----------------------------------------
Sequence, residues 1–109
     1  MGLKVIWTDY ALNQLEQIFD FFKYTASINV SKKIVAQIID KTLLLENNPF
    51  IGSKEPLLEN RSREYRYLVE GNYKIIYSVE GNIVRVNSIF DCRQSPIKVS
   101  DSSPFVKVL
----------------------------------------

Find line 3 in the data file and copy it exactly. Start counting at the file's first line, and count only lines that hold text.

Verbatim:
    51  IGSKEPLLEN RSREYRYLVE GNYKIIYSVE GNIVRVNSIF DCRQSPIKVS